Let me offer another example, a New York Times opinion piece looking at the current rage for dystopian lit as a phenomenon that is linked to much of the “Tiger Mother” style self-help lit out there, the idea being that economic competition and the ferocious struggle for the admission to the right schools lies behind everything from the Hunger Games to Bringing Up Bébé. (This could also be a good subject for the Common Application’s essay on an issue of national importance, if you think about it–have a look at the NY Times article Hunger Games Parenting to see what I mean. It’s a pretty persuasive take on where we are as a nation and what this kind of lit is really about though, as with the links above, there is more than one way to interpret any of this stuff–which is why it makes such a great essay topic.)
And finally, I’d like to recommend this blog post by Stanley Fish, one or our great literary and cultural critics, in which he links The Hunger Games to the ancient literary form known as The Pastoral and its beautiful but melancholy momento mori.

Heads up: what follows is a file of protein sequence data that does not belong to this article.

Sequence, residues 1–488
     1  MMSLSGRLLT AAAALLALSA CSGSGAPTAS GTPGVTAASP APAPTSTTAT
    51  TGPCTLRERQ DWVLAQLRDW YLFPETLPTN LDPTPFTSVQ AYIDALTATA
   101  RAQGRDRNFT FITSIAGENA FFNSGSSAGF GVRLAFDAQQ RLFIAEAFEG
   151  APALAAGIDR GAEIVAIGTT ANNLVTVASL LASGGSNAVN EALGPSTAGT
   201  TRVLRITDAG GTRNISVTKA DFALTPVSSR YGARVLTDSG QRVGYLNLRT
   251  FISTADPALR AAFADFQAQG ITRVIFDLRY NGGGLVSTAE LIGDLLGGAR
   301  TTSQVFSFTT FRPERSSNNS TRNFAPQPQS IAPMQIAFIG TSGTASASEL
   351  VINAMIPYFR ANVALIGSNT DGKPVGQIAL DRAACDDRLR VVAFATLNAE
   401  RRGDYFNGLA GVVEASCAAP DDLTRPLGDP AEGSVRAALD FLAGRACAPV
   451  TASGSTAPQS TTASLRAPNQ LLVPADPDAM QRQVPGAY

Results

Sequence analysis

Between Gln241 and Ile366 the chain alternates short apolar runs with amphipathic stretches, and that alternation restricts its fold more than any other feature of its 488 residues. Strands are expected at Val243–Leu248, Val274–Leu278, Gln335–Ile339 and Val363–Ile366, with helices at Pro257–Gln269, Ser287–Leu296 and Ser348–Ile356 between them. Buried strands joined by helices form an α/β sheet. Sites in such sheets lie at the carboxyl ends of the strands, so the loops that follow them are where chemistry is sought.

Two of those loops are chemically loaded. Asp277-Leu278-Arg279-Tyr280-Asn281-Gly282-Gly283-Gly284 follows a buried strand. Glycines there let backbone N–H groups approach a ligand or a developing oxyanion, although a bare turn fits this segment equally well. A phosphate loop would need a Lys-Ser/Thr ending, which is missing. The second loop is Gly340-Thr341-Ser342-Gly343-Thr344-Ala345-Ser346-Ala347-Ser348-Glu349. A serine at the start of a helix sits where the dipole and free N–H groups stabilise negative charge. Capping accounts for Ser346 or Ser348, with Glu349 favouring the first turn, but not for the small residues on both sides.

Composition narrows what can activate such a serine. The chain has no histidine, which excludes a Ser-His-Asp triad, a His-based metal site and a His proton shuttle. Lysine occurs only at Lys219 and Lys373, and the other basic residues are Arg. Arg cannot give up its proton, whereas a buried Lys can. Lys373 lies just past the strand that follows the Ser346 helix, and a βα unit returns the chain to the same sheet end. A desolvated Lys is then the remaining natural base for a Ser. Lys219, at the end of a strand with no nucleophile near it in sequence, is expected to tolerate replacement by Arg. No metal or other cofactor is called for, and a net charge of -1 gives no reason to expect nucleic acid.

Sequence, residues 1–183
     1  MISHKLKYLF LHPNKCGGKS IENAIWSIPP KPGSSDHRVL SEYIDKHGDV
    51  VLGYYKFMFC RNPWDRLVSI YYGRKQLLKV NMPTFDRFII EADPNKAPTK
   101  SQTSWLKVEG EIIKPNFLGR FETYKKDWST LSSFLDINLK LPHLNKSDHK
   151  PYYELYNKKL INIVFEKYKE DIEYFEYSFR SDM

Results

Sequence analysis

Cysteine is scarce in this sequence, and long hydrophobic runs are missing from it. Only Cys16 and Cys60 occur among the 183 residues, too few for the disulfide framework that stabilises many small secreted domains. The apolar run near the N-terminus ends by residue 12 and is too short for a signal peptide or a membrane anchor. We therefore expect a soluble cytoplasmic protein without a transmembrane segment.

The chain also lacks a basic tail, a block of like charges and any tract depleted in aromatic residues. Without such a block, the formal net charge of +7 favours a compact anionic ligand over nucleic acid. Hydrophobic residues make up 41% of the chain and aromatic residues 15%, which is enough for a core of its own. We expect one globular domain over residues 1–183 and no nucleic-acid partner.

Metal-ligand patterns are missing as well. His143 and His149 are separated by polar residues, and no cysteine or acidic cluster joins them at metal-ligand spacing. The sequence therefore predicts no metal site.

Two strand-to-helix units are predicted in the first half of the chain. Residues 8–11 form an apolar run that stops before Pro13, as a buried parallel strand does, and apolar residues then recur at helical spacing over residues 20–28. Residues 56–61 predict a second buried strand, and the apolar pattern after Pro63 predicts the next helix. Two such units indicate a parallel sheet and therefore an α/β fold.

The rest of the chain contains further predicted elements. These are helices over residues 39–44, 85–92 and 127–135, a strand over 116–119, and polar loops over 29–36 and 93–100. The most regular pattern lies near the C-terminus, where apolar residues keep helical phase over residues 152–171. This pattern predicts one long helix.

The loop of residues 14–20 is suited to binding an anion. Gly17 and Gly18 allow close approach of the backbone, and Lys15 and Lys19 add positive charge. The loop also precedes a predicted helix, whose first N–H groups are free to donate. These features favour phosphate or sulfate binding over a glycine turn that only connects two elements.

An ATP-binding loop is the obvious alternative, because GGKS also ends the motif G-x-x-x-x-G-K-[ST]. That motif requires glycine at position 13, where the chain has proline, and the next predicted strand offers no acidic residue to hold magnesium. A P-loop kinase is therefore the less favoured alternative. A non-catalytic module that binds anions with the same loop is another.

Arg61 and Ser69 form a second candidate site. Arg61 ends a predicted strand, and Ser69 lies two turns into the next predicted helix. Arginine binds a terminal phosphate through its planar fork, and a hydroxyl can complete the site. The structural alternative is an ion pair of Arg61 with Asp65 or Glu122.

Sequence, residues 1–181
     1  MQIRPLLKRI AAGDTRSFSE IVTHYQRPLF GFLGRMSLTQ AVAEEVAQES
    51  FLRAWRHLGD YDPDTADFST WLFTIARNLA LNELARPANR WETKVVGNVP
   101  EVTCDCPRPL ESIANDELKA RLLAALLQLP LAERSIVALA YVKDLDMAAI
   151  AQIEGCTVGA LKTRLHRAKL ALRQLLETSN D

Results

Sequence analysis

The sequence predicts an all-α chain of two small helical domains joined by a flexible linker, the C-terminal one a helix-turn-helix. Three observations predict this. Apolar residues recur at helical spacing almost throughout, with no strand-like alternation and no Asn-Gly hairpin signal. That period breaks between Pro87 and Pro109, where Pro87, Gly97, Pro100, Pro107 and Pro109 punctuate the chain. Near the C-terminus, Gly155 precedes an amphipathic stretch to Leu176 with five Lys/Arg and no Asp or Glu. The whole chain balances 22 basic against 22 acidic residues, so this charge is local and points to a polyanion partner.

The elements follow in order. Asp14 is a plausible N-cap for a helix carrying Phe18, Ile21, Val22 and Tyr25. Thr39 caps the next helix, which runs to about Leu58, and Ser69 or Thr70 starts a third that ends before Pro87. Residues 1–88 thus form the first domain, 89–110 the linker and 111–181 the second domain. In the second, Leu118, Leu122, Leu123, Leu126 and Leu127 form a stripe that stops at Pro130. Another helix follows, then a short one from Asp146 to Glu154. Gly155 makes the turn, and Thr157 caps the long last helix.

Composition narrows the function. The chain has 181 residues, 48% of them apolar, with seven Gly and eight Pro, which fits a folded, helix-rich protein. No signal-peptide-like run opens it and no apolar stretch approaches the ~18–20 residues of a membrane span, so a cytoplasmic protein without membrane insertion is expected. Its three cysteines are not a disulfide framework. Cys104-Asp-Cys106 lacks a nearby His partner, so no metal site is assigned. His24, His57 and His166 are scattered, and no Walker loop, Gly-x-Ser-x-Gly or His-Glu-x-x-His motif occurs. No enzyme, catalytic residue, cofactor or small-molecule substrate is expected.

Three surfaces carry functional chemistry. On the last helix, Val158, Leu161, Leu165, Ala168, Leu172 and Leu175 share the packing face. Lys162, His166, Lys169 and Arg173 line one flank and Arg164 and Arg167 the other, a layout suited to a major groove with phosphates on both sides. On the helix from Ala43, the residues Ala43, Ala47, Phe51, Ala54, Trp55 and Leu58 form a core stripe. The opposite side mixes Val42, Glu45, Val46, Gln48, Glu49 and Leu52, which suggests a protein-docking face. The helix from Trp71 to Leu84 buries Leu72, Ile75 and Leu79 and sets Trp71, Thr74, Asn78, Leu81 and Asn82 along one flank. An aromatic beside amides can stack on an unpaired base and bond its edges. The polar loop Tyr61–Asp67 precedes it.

What I am hoping you realize at this point is that it is legitimate to develop your understanding of whatever you are reading by looking at what other people have to say, especially if those other people have some expertise and genuine insight. You can, indeed, access rich and diverse discussions of literature online, as well as cute kitten pictures, and looking to sources like those I cited above can be helpful to you as you set about creating a book or intellectual experience essay. The idea is to read critically in order to shape your own views, sometimes with the help of and sometimes by resisting what other readers and critics say. Just be sure to use my examples and anything else you find as inspiration only, though a short quote won’t hurt if you give it context and it makes sense in your essay.
In addition to blogging about archetypal readings of books in upcoming posts, I will also be discussing further the role of form, of genre, in shaping meaning. Stay tuned and come back soon (a word of warning, however: some of my upcoming posts will only be fully available to subscribers and clients.)